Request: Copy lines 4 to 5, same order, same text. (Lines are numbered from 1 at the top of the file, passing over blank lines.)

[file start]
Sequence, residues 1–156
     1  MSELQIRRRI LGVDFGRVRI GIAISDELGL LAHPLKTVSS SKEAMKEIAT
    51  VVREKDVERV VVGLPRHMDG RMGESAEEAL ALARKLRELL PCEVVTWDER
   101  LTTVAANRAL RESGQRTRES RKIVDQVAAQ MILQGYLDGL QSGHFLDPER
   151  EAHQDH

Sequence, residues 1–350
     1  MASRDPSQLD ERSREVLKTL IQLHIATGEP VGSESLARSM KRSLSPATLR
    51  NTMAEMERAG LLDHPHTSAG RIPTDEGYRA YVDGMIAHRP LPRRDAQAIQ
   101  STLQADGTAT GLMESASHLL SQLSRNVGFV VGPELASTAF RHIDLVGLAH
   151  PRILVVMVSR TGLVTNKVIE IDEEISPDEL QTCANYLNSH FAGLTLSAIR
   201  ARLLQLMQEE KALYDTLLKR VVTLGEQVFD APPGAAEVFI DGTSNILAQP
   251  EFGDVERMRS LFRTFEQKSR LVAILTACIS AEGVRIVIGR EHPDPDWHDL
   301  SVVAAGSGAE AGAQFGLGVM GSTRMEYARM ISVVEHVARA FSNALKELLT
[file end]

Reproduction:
   101  LTTVAANRAL RESGQRTRES RKIVDQVAAQ MILQGYLDGL QSGHFLDPER
   151  EAHQDH